New York: Vincent FitzGerald & Company, 2010. Artist's book, one of 35 copies, all on clear acrylic tiles, each signed and numbered by the artist on the colophon page. Page size: 9-1/2 x 10-3/4 inches folding to 6-1/2 x 9-1/2 inches, 32 slats (tiles) for the text in English and Persian + 10 tiles for titlepage and colophon. Bound by Zahra Partovi: the tiles sewn with blue and saffron ties (fishing line) fastened at end with small plastic disc so that ladder of tiles can be unfolded from an acrylic rectangular base; the English text on one side, the Persian text on tiles with violet and saffron fishing line threads, the binding style based on the style of the Chinese slatbook, a 3,000 year-old form made modern with the use of contemporary materials. The colophon and titlepage unfold from each end of the center "platform" as well. All four unfolding sides are affixed to a garnet-colored rectangular of acrylic drilled with holes through which the threads are laced. Housed in black suede fold-over box by Hands On Bookbinding, the box lined with silver industrial Mylar, each of the two long sides unfolding twice and the shorter two sides unfolding once. The text in English is laser etched in Alcuin (modified) type. Zahra Partovi's beautiful Persian calligraphy is also laser etched, the two texts meeting in the center on top of the garnet Lucite block.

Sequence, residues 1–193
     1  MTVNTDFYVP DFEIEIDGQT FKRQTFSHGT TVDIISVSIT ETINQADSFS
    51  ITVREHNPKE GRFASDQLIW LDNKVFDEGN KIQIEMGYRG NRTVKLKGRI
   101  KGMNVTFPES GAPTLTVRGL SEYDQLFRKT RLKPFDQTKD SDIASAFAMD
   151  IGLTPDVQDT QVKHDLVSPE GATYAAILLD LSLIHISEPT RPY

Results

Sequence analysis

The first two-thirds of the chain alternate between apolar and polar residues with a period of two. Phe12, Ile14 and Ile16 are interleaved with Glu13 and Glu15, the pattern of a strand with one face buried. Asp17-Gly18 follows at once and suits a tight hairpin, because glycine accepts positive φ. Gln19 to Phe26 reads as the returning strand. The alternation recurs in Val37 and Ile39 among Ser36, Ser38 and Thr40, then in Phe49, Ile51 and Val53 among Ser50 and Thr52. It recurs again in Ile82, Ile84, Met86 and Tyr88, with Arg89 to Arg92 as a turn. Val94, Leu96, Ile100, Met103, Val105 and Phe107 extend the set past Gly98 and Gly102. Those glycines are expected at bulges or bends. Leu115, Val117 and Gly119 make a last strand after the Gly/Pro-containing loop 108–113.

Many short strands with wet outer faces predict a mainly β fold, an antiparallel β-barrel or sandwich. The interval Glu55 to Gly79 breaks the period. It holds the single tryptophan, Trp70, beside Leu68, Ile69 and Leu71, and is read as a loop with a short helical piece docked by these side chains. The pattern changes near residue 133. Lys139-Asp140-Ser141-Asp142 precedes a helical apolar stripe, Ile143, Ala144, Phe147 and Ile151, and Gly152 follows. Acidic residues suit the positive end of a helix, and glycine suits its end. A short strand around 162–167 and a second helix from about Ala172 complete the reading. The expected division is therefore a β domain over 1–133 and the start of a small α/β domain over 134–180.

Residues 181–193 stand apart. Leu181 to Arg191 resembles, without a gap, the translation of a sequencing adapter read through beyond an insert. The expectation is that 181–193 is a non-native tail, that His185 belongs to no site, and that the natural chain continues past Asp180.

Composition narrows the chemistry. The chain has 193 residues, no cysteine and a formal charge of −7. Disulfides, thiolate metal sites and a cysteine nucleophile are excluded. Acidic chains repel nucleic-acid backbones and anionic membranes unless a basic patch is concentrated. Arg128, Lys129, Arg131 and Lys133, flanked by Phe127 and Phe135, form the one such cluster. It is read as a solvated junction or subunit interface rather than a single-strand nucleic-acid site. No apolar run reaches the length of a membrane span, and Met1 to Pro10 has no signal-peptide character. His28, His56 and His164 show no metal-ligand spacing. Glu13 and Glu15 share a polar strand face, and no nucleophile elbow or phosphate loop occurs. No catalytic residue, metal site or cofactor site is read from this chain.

This is the 12th volume in the publication of Vincent FitzGerald & Company's Masnavi series of the poetry of Jalaluddin Mohammad Rumi in Zahra Partovi's translation. Each of these 12 volumes features a different artist paired with Partovi's translations. The artist whose work is featured here is Linda Schrank, a New York artist who teaches painting at Pratt in the Graduate School of Fine Arts. Her principal solo exhibitions include Rosenberg & Kaufman Fine Art, NYC, Kidder Smith Gallery, Boston, A.I.R. Gallery, NYC; Columbia University; Brown University; Fairleigh Dickinson University; the Museum of Ceramics, Monte San Savino, Italy; and the Etruscan Museum, Cortona, Italy. Her work is included in numerous private and public collections, including The Morgan Library, The Corcoran Museum of Art, the Boston Museum of Fine Arts, The New York Public Library, the Rose Art Museum, the Boston Public Library, the International Museum of Woman in Art, Abruzzo, Italy, and the Museo Regionale della Ceramica, Deruta, Italy. This is a most intriguing book, an examination of an ancient book form made thoroughly modern, using a 12th century text translated into a modern vernacular. Both format and text combine to illuminate the enduring relevance of the mystic Persian poet, Jalaluddin Mohammad Rumi. Item #10427